Tyler Green
Art-focused Journalism by Tyler Green

Tyler Green Modern Art Notes

Exhibition websites three ways: Bradford, Miro, LACMA

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We’re 20 years into the mainstreaming of the world wide web and there’s still no museum-wide consensus on what an exhibition website should look like.

That’s pretty cool. It leaves room for institutions such as the Wexner Center for the Arts to go whole-hog on a website such as Pinocchio on Fire, the museum’s website for its ongoing Mark Bradford survey.

The site, which will ‘travel’ with the show for the next two years, was short-listed for a Cyber-Lion at the Cannes International Advertising Festival. It includes almost a dozen Bradfords in varying levels of detail, video clips of the artist talking about his work and lots of fun stuff on ‘how’d he do that?’ I’m hardly an expert on websites or on ways to engage younger audiences, but it seems to me like a really good example of a site that’s likely to be equally interesting to old fogies like me and, say, high school kids. (It was designed by Columbus’ own Resource Interactive.)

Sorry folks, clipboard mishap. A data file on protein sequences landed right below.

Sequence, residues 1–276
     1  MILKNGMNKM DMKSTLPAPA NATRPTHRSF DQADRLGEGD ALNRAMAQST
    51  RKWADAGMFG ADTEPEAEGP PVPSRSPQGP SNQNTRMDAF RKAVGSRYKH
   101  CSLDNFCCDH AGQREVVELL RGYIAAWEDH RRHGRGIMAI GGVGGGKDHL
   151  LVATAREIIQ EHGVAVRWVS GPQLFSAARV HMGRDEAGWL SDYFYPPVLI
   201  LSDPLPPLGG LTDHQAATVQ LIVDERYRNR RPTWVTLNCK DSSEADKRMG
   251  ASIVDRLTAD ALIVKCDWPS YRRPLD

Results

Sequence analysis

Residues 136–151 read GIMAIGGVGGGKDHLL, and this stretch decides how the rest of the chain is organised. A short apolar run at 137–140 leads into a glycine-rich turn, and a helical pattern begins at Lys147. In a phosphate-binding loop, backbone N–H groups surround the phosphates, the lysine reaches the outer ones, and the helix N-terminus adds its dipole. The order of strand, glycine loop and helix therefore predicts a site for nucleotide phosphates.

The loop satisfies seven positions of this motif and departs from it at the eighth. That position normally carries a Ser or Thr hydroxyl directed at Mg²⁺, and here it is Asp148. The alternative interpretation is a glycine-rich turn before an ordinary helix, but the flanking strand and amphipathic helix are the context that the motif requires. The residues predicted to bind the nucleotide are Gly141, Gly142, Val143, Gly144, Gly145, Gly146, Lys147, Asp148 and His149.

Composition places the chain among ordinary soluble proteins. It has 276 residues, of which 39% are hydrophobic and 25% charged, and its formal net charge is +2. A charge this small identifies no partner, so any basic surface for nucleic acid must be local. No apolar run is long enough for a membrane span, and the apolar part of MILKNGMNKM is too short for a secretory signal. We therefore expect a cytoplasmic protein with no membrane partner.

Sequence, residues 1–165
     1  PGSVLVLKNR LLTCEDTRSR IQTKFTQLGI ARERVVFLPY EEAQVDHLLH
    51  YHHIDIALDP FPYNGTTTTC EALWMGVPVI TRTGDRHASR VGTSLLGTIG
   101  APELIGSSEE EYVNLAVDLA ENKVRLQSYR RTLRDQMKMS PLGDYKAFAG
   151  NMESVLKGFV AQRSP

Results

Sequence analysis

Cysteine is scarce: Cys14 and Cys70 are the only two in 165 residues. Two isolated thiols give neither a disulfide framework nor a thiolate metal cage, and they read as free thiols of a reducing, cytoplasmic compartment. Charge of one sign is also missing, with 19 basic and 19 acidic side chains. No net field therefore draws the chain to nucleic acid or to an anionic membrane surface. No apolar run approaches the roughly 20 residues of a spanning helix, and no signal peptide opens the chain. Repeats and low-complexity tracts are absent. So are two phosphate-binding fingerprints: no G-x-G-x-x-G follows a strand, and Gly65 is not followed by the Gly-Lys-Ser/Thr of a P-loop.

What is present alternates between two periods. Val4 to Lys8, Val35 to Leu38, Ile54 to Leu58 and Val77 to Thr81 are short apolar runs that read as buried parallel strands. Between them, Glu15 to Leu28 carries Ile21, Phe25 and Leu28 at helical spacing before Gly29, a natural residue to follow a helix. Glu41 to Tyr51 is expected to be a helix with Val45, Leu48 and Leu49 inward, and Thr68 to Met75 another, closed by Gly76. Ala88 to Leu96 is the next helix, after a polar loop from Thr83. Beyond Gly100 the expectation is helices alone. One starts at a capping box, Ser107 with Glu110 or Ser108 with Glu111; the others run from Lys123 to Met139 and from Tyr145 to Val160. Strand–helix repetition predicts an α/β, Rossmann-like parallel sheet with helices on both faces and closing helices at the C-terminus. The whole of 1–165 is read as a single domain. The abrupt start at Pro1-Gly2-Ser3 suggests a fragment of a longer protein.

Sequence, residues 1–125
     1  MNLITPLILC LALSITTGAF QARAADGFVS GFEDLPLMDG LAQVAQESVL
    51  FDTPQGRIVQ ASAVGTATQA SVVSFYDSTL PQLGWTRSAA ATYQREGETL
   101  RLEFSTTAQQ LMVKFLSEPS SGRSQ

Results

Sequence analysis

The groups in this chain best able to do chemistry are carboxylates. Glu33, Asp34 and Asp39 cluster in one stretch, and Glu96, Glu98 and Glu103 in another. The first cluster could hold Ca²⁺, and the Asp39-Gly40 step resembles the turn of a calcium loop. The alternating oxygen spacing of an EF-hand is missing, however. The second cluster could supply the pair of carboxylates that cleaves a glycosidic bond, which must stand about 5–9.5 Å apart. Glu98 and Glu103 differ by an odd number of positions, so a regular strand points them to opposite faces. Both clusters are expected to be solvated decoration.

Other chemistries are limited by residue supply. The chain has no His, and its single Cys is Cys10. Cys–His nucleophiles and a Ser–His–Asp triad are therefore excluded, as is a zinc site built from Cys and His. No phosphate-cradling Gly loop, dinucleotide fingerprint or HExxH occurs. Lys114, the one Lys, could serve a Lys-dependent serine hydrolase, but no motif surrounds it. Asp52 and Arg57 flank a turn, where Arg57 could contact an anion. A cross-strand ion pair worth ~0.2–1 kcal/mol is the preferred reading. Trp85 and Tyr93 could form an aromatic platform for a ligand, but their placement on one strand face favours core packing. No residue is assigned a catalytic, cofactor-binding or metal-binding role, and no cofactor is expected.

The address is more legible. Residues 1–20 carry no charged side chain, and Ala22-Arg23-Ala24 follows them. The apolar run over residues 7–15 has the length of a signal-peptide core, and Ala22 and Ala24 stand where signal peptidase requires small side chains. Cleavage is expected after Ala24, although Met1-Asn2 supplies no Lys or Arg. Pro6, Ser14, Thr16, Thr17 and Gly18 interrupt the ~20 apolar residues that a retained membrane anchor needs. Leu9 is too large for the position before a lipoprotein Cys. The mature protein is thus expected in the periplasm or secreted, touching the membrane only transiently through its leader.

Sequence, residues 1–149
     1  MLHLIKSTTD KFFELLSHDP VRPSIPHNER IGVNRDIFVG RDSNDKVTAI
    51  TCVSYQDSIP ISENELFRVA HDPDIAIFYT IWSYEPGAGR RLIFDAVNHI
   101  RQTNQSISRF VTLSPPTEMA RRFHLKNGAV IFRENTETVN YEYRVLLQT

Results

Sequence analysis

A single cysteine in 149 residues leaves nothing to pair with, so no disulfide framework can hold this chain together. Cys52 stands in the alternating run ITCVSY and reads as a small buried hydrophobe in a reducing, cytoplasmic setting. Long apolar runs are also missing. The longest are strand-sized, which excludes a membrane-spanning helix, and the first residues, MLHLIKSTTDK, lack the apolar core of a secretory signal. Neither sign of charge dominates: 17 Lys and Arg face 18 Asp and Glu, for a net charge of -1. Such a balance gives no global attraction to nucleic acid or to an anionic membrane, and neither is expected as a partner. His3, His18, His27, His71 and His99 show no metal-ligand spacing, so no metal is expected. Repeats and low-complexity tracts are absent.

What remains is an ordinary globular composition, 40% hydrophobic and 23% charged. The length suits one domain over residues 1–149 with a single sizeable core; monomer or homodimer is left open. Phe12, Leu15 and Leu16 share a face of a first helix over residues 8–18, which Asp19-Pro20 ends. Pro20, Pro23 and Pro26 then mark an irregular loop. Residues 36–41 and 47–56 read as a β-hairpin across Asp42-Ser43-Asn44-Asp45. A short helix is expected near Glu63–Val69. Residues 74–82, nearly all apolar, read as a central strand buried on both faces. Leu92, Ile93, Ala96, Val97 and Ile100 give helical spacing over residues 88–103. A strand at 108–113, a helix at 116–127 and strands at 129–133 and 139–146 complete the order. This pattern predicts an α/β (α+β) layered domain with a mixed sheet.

Except for its reliance on Flash, the Wexner’s Bradford site couldn’t be more different from the website MoMA put together for its 2008 Joan Miro show. That’s another of my favorite sites, mostly because it presents the show in a way closely related to the way it was installed in the galleries, complete with a big JPEG of every work on view.

Still, neither website includes catalogue essays, which is a disappointment. That’s why the third ‘best practice’ for museum exhibition sites is what LACMA does with its fantastic ‘Reading Room,’ which presents complete exhibition catalogues online. (OK, no, they’re not exactly exhibition websites, but they present what the others lack…) Any museum examining what to do with its exhibition websites would be wise to study these three.

Related: Mark Bradford at the Wexner: Examining the utility of the ‘early survey’ exhibition; Bradford, Rauschenberg and Crow.

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